15. Jeff, I’ve been following you for year, and today you totally rocked my world. And it was so well timed for me… Thank you!!

  16. It’s hard to keep a deadline when–sure as you set one–something comes along that unexpectedly diverts several hours of time that you had planned for writing. It’s gotten to the point where I’m afraid to think more than 24 hours in advance–and that’s no guarantee.

  17. Mr. Goins, thank you so much for sharing the above article. Everything you state resonates with me. I started writing my novel on November 15th. For six days straight I was composing a chapter a day comprised of 3,000+ words each. I was on a roll. I thought nothing could stop me from completing at least 43,000+ words in less than a month. Then day seven came along. I only managed 182 words for ch 7. The words didn’t come easily. It was a struggle to get those 182 words on day 7. It was a painful process. After completing the 182 nd word, my mind went blank. I was deeply depressed and disappointed in myself. To me those 182 words I wrote on day 7 were poor quality. I’ve been struggling to progress with the novel ever since. I haven’t written a word of the novel since then. Self doubt clouded my mind. Frustration and exhaustion set in. However, I’m going to give it another go by applying the techniques you speak of. It’s because of you and you inspiring article, I have the courage to continue with my novel to bring it to completion. Thank you for sharing your experiences with writing a novel along with your tribulations. I now realize I’m not along in my struggles when it comes to composing a novel and bringing it to completion.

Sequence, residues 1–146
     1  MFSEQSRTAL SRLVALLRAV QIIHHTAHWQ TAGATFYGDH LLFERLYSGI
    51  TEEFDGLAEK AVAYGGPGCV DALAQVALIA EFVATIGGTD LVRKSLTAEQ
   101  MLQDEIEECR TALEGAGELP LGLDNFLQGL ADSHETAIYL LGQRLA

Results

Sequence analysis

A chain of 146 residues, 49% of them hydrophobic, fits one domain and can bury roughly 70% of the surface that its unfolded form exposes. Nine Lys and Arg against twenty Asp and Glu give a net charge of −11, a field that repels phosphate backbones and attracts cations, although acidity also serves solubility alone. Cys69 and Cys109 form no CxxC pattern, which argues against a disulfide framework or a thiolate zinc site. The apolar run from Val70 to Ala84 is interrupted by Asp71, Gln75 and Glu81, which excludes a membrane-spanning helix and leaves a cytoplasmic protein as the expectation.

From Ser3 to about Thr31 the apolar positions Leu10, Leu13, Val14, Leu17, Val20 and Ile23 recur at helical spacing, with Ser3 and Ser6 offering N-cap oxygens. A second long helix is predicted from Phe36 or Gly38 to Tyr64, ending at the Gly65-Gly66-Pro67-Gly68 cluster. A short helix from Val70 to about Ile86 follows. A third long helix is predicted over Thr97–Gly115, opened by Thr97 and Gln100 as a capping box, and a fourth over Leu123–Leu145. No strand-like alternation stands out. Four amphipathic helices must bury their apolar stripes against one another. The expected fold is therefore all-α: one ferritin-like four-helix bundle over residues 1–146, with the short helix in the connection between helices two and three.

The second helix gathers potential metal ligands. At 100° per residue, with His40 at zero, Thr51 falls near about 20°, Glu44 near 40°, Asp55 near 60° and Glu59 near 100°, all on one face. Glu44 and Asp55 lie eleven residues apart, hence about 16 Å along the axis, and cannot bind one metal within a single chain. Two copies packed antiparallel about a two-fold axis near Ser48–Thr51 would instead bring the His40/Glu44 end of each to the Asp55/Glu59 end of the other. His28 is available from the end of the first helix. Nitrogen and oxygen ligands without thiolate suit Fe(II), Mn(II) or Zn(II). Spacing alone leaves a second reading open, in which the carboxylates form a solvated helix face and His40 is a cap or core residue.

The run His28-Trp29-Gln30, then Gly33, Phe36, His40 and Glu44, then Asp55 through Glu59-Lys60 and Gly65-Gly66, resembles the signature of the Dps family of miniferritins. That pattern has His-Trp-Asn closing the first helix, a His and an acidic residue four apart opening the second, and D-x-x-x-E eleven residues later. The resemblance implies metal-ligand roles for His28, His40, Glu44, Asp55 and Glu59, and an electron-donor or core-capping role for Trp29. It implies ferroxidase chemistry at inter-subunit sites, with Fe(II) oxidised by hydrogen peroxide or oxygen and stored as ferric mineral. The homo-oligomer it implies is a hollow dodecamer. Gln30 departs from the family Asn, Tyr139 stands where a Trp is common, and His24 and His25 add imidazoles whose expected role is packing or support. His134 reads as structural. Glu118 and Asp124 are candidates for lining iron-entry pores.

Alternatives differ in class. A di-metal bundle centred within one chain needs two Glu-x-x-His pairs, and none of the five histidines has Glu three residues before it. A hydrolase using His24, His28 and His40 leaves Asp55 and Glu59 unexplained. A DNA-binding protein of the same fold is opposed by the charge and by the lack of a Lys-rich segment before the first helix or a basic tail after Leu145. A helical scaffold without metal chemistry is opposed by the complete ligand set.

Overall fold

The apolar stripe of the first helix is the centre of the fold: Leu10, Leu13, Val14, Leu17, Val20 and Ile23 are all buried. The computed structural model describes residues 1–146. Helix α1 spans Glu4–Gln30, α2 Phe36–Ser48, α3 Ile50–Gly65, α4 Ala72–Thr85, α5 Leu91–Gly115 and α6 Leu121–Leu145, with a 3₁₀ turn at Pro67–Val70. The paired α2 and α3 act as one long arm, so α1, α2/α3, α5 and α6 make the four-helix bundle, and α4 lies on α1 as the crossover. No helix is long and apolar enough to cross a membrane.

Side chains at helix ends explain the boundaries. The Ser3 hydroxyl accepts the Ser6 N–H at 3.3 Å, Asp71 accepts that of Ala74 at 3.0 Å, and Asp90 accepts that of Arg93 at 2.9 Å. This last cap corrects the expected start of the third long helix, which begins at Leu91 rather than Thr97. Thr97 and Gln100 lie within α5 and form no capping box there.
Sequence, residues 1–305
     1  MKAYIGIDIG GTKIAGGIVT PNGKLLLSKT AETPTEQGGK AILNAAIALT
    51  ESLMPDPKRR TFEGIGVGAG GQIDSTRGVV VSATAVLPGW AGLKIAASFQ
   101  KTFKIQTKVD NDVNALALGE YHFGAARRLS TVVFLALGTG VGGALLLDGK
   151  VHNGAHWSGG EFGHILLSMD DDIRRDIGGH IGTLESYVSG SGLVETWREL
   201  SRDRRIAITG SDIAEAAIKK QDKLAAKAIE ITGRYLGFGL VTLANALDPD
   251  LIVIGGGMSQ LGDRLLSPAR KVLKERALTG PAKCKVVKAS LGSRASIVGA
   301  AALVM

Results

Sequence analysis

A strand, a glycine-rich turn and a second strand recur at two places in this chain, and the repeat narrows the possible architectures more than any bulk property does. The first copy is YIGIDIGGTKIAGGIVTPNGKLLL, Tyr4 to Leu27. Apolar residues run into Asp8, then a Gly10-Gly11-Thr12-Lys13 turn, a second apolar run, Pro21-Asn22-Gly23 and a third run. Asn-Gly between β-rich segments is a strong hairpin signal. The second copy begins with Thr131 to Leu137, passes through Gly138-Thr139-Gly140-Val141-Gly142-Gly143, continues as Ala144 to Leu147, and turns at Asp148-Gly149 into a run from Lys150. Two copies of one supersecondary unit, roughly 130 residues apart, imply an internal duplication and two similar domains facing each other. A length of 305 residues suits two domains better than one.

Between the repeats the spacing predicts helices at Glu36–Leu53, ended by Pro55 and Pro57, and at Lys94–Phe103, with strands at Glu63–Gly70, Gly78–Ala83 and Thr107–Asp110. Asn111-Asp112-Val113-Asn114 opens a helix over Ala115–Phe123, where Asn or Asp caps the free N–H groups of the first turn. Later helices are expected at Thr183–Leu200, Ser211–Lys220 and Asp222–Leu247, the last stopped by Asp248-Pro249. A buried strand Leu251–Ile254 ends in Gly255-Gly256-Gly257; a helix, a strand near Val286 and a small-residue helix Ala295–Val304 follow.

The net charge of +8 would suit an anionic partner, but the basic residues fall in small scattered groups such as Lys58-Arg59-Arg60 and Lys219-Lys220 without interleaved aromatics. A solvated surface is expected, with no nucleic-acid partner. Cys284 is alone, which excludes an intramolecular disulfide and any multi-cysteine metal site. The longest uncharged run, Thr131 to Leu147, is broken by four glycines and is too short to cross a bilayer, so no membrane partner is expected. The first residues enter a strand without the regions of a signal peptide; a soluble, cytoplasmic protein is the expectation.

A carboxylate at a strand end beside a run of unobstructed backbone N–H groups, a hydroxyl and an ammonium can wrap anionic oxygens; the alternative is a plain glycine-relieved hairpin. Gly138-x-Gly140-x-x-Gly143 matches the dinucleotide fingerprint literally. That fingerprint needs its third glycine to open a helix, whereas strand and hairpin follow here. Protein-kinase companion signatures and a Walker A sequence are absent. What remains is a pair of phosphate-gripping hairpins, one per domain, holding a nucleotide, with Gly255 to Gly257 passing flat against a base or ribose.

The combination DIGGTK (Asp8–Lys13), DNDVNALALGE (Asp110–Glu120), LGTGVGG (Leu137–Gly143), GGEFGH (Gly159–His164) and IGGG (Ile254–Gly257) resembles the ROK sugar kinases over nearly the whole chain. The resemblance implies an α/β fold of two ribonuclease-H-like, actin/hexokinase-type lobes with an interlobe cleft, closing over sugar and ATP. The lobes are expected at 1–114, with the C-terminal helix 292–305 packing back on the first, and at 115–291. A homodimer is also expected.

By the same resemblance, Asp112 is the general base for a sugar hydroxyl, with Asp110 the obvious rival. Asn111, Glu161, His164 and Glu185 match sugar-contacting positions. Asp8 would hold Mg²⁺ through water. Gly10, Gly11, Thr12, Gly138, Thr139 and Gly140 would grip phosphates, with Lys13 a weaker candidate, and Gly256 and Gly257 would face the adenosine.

18. Hmm. I don’t drink coffee, but I also have the stress related addiction to TV. It’s horrible isn’t it. It’s an escape. I sometimes take away books from myself. I think I would have to take away chocolate or something else that is food, I took coffee away many years ago for health reasons. TV would probably work for me. I will have to test this and see if it helps me.. Usually if I’m in true procrastination mode, I just start cleaning and organizing, or making lists, then I feel busy without actually getting things done. Maybe I could say I am not allowed to clean my house until stuff gets done. Hmmmm.

  19. My goal is to finish my 1st draft for my movie script by January 1st. And my consequence if I don’t do so is no TV until its completed. I’ve set and missed alot of goals in the pass so I think this way of approaching will produce better results. Thanks Jeff!

    P.S I’m also taking your Intentional Blog Course and I love the homework you give after each lesson. Looking forward to incorporating your tips and relaunching my blog in January!

  20. This is something I can definitely relate to, the only real secret to finishing your first draft is discipline and writing even when you don’t feel like it. Quite often you can get into the habit of becoming a slave to your feelings. 🙂

  21. Mr. Goins ,
    I wanted to thank you for your $1000 contribution to our goal. I think.

    Just kidding, good stuff.

  22. A handful of practical advice sprinkled with self-deprecation. I like that. Cheers to your writing and deadlines. I knew I wanted to be a writer the summer I rode my three speed to the corner neighborhood store (a two mile ride) when I was nine to purchase a pack of loose leaf paper so that I could write my novel. Still writing but not a novel…yet. Thanks Jeff for the inspiration.